I’ll get off my soapbox now. Hopefully autocorrect didn’t do anything too weird because I don’t feel like proofreading it.

    Liked by 2 people

    1. Definitely you’ve got a point. A good part of it does belong on the parents’ shoulders.


  7. So never correcting kids to protect their “self esteem” and hovering over them to protect the little dears from the least hint of failure produces entitled, useless, overgrown children? Whodathunkit?

    Liked by 1 person

    1. Well, gosh. I’m shocked too.


  8. I 100% agree, Nicki. My wife and I have just about had it with the Millennials in our respective workplaces.

    She’s an executive chef at a private club. She works 60-hour weeks, sometimes multiple 14-hour days in a row. She goes to work when injured or ill, because if she doesn’t go, her absence will negatively impact a client’s wedding/party/whatever. I can’t recall her taking a sick day in the last year or two.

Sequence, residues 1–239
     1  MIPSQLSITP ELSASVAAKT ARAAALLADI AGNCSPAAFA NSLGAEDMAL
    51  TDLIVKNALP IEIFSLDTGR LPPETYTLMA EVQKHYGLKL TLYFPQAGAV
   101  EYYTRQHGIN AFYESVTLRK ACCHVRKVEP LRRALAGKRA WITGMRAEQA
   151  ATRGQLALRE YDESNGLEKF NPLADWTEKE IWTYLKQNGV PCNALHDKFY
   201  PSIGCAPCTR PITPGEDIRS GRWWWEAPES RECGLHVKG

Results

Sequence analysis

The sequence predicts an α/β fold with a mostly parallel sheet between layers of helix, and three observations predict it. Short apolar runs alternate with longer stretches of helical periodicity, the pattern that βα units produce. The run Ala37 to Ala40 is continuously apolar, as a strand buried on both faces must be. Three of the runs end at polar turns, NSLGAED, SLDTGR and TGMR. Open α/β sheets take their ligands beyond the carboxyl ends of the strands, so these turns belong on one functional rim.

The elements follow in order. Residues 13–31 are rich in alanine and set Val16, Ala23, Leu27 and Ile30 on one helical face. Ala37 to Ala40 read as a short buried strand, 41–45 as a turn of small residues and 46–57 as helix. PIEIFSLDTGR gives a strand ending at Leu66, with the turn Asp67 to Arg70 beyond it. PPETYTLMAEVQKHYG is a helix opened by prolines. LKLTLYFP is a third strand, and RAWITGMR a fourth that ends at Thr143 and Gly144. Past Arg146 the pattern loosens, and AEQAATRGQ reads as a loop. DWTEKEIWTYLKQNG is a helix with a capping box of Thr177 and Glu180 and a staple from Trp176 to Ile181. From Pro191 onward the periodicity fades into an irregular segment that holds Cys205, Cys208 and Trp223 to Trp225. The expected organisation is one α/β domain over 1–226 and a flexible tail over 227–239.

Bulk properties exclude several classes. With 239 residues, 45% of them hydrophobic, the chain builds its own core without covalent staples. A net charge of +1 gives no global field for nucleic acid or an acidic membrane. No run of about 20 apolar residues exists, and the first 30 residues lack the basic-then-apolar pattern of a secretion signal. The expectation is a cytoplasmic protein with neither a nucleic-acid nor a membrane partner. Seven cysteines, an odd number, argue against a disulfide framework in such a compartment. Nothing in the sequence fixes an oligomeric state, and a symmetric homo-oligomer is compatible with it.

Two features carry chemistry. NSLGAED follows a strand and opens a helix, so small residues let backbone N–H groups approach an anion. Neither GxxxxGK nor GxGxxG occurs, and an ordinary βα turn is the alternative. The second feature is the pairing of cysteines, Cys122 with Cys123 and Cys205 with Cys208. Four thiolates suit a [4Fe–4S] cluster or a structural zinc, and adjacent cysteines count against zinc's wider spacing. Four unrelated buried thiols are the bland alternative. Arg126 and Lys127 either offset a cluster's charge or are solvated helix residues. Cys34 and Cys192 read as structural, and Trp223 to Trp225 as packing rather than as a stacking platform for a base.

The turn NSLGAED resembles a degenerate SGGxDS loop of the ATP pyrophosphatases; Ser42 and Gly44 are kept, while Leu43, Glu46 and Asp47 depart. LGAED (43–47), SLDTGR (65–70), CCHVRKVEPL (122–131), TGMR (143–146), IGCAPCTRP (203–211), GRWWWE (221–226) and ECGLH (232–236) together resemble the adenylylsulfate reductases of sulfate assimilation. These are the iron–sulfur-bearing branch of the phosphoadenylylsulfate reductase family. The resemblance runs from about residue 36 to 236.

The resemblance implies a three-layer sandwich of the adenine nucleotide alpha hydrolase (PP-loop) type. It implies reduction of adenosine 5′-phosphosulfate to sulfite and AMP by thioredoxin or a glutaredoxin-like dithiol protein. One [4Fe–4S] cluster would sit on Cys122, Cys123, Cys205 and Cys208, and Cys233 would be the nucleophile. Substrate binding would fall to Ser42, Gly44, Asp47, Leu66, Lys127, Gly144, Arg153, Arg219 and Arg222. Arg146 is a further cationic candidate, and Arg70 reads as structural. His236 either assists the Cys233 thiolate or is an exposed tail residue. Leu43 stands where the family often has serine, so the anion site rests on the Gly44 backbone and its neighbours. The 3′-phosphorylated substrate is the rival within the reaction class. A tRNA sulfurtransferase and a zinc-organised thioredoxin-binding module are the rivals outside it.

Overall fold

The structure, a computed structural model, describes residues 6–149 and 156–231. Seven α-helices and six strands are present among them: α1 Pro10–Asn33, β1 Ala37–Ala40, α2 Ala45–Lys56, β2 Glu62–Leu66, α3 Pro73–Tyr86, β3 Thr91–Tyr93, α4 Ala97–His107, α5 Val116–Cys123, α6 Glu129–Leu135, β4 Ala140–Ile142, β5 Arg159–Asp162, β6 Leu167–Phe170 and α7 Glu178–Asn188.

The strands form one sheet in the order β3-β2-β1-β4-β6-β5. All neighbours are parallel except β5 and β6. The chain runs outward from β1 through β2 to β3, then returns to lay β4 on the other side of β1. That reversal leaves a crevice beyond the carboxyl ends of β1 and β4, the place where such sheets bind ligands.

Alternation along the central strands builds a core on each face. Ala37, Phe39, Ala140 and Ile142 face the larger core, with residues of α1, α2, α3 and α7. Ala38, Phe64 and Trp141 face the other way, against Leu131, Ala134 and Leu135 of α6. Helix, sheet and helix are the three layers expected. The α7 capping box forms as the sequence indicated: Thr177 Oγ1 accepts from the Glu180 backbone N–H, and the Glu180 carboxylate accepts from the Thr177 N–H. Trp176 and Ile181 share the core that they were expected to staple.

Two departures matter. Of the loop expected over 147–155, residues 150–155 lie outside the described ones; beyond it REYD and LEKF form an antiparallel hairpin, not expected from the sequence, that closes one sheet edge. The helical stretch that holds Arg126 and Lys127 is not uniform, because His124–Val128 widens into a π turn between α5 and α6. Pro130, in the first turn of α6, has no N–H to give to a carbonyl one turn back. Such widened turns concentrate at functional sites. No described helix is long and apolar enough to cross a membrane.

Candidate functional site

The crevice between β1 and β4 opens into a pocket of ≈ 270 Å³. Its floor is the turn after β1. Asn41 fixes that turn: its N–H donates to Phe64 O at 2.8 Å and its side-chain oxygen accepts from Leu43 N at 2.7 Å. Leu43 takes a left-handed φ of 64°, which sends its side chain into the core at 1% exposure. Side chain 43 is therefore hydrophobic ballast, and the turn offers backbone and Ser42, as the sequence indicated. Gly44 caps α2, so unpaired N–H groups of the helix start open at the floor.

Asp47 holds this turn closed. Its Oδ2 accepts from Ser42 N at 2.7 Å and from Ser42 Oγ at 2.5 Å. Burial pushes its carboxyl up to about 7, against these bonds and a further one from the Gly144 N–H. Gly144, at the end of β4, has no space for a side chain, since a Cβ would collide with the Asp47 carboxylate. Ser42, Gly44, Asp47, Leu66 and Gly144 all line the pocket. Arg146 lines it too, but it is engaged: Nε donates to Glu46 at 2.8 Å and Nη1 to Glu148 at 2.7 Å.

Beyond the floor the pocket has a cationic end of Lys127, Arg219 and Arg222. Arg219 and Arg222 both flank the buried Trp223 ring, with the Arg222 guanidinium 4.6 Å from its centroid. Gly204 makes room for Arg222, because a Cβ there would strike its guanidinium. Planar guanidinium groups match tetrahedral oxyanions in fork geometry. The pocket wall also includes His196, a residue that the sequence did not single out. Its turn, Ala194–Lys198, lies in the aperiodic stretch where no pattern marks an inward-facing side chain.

The Millennials at her work (mostly service staff) think they deserve $25/hour. They think that it’s okay if they’re late to work, or don’t show up at all, or call in sick because they “feel icky.” They have a meltdown if their schedule conflicts with their weekend party plans. They have a meltdown if their performance is criticized in any way. They think it’s okay to routinely request to leave work early. They think the management (my wife included) are horrible bitches for expecting them to show up on time, properly groomed, ready to work to the end of their scheduled shift.